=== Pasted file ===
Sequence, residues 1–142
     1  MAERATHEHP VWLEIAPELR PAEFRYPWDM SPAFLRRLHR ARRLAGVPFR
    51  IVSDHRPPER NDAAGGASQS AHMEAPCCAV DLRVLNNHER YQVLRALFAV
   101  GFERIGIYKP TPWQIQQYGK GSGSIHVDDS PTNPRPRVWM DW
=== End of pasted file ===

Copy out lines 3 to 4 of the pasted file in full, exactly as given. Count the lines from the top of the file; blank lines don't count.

    51  IVSDHRPPER NDAAGGASQS AHMEAPCCAV DLRVLNNHER YQVLRALFAV
   101  GFERIGIYKP TPWQIQQYGK GSGSIHVDDS PTNPRPRVWM DW